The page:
20. Hi Patrick, You can use every Copyable/CopyAssignable type with sc_fifo or tlm_fifo, as entries are always copied in and out of the fifo slots. There is no special support for e.g. move-only types, yet. It might be a nice to explore options to add such support in order to reduce the cost for passing complex types through fifos. So yes, you can pass std::shared_ptr and std::vector, but e.g. not std::unique_ptr. Greetings from Duisburg, Philipp
  21. The model you describe is not "just" a passthrough model though, as you assume that tokens can be both intercepted (other processes reading from incoming_fifo) and injected (other processes than B writing to outgoing_fifo). From my experience, it is very difficult to design robust models with multiple readers and writers for FIFOs, at least without higher-level synchronization orchestrating the accesses somehow. That said, let's assume these arbitrary FIFO accesses are needed and OK for your use case. I would suggest to indeed use the non-blocking APIs to do the forwarding: while( true ) { if( incoming_fifo.num_available() > 0 && outgoing_fifo.num_free() > 0 ) { // forwarding possible, process token - will never block outgoing_fifo.write( incoming_fifo.read() ); } // at least one side is blocking, wait for activity on either side wait( incoming_fifo.data_written_event() | outgoing_fifo.data_read_event() ); } This will not lead to an additional implicit slot in the passthrough block, but the forwarding is "non-greedy" now, i.e. happens only if a slot is available on both sides. Together with arbitrary other readers/writers on the FIFOs, your passthrough model might never succeed to forward a single token. See above. Minor comment: Your thread_A pseudo code above looks like Java/SystemVerilog and would have a memory leak in C++. You should not put dynamically allocated objects into a FIFO. Hope that helps, Philipp
  22. When you use MSVC 2015/2017, did you make sure to use SystemC 2.3.2? Earlier SystemC versions did not support such recent versions of MSVC. When you say "regression tests", do you mean the SystemC regression test suite? If so, please check the accompanying README_windows.txt for any steps you might have missed. If this still doesn't help, please post some more details on what exact errors you see. Greetings from Duisburg, Philipp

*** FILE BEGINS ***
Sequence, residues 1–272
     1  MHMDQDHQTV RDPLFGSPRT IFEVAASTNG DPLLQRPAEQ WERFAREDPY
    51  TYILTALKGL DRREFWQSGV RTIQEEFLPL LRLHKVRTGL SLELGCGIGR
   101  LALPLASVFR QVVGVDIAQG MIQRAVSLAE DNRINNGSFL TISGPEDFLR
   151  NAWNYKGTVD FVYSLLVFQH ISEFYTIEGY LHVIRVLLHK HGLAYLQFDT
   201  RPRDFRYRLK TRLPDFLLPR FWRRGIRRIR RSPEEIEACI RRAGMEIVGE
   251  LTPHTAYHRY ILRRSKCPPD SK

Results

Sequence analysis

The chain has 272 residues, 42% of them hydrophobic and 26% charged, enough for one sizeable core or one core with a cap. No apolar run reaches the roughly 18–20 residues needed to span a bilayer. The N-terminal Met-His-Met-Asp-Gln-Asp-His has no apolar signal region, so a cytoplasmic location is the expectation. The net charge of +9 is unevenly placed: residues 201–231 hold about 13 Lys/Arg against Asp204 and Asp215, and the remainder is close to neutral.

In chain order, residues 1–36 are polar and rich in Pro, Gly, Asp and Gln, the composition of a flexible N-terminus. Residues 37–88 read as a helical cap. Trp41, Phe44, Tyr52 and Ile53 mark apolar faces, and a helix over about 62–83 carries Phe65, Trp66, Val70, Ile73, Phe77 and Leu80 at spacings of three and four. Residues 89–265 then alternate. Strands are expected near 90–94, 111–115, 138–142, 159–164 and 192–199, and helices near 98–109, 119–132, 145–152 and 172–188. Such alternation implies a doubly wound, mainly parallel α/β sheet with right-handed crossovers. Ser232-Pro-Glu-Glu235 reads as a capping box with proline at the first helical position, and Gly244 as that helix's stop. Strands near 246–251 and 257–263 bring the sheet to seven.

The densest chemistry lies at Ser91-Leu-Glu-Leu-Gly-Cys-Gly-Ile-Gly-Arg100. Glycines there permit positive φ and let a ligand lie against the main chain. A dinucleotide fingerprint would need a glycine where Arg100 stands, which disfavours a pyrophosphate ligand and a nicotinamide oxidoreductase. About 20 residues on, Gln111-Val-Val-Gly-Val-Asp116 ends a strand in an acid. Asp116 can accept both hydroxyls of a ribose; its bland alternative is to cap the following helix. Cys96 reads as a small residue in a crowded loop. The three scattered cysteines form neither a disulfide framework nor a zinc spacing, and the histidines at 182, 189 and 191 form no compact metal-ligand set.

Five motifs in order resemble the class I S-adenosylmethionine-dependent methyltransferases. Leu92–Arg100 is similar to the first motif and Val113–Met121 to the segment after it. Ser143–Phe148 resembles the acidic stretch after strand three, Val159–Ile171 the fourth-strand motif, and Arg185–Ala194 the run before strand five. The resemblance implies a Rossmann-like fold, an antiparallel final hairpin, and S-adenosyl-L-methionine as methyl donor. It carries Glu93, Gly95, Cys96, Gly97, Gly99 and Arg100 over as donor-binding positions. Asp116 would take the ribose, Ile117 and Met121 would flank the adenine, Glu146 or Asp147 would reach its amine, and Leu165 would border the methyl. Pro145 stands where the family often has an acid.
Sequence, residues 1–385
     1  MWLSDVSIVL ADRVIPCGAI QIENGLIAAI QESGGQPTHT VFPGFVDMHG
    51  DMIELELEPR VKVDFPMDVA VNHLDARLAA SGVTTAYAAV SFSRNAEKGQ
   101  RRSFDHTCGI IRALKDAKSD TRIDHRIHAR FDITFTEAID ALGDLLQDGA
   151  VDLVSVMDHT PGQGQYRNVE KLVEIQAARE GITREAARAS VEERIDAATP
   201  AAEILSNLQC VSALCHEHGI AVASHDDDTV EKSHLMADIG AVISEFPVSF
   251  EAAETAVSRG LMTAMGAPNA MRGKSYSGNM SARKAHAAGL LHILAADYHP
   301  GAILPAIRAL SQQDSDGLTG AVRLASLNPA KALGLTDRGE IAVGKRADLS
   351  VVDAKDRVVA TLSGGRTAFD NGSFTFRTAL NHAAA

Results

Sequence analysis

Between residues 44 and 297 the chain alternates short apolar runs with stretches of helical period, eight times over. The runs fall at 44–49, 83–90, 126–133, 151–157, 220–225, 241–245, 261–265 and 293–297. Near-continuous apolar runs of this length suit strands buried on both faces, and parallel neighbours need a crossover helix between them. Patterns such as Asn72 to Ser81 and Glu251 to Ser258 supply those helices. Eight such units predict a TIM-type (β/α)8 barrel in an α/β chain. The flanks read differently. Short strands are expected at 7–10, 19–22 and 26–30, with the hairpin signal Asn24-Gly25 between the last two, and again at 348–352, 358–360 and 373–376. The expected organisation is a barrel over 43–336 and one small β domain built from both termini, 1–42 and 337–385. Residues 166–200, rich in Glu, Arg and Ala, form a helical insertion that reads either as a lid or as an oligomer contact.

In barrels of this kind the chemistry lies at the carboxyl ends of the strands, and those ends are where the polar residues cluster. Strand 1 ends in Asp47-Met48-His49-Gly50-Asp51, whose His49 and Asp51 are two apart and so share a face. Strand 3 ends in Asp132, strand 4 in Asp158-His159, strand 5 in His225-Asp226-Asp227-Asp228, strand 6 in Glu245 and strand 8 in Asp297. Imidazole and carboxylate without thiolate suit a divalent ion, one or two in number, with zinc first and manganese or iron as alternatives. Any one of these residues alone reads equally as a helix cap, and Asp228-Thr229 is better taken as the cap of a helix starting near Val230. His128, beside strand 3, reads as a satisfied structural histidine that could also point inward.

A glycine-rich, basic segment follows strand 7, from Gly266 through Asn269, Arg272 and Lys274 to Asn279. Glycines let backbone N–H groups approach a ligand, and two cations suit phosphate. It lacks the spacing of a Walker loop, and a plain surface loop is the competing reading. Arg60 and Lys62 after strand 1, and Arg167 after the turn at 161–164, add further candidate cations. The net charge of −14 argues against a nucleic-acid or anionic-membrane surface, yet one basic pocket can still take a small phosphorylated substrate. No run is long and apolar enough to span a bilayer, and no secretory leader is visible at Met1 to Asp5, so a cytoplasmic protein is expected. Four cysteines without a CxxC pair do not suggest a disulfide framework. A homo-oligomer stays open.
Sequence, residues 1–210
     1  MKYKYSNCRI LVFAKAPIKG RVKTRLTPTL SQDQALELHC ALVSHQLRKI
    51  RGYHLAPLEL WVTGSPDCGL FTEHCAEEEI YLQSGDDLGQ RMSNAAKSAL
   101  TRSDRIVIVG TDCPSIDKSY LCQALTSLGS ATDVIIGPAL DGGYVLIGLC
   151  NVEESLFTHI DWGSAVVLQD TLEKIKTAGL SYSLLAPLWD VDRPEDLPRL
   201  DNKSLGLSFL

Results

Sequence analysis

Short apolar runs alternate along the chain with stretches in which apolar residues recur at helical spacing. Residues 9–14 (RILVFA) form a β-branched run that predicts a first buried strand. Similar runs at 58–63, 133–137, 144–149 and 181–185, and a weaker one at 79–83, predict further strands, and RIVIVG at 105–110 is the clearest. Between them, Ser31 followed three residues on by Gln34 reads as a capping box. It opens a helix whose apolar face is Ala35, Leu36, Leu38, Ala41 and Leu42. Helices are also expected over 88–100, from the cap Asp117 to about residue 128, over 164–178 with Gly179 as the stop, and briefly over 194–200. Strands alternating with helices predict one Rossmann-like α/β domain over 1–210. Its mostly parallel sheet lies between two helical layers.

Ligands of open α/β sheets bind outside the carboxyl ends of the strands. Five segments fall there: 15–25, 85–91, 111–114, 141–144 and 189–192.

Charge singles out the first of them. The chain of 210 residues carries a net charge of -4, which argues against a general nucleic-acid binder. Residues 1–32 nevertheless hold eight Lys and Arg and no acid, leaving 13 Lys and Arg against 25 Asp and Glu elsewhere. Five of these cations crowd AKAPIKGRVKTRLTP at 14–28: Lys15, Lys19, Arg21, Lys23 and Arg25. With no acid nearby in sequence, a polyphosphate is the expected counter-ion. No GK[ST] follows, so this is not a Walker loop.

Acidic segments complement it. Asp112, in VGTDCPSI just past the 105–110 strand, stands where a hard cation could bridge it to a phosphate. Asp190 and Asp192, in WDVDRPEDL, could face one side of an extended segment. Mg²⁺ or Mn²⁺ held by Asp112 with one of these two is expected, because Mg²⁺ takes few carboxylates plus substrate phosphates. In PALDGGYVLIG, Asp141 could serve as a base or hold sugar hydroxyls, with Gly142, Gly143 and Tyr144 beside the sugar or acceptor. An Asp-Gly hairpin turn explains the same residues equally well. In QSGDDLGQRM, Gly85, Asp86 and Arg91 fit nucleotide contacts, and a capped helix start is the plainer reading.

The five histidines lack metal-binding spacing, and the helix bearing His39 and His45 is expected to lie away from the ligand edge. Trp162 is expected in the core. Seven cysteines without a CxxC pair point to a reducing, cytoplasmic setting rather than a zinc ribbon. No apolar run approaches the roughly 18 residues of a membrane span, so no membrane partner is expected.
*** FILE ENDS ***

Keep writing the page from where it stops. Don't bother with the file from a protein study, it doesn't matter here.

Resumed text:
23. Ok, now I understand your concern: It's also about stack-allocated variables in your threads that are not cleaned up at the end of the simulation, as their stacks are not unwound and dynamic process stacks may not even be explicitly deallocated. I'm not sure, if these cases qualify as real memory leaks, though. Small comment: instead of throwing an (non-standard) sc_halt object, you can simply call : h.kill(SC_INCLUDE_DESCENDANTS); // also kills all child processes There is currently no way to obtain (or kill) all running processes in the simulation, but you can roll your own function to recurse over the object hierarchy via get_child_objects() convert objects to process handles, if valid() and !terminated() call kill(SC_INCLUDE_DESCENDANTS) /Philipp
  24. If you invert the logic and add a function add_initiator to the interconnect, temporarily storing the pointer to the to-be-connected initiator socket (and maybe a name, although this can be derived from the given socket or its parent), you can complete the binding and target socket creation in the interconnect's before_end_of_elaboration hook. Sockets instantiated in this function will be placed correctly in the hierarchy and this approach is fully standards-compliant.
  25. Starting with SystemC 2.3.2, the MSVC project files shipped with the package use the DLL-based runtime library. Therefore it is not necessary (instead rather harmful) to select the statically linked runtime library in your application. Secondly, you should not set the SC_SIGNAL_WRITE_CHECK environment variable to DISABLE (unrelated to your current issue, but suggested in the video above). More instructions on using MSVC with SystemC can be found in the INSTALL file shipped with the proof-of-concept simulator. Hope that helps, Philipp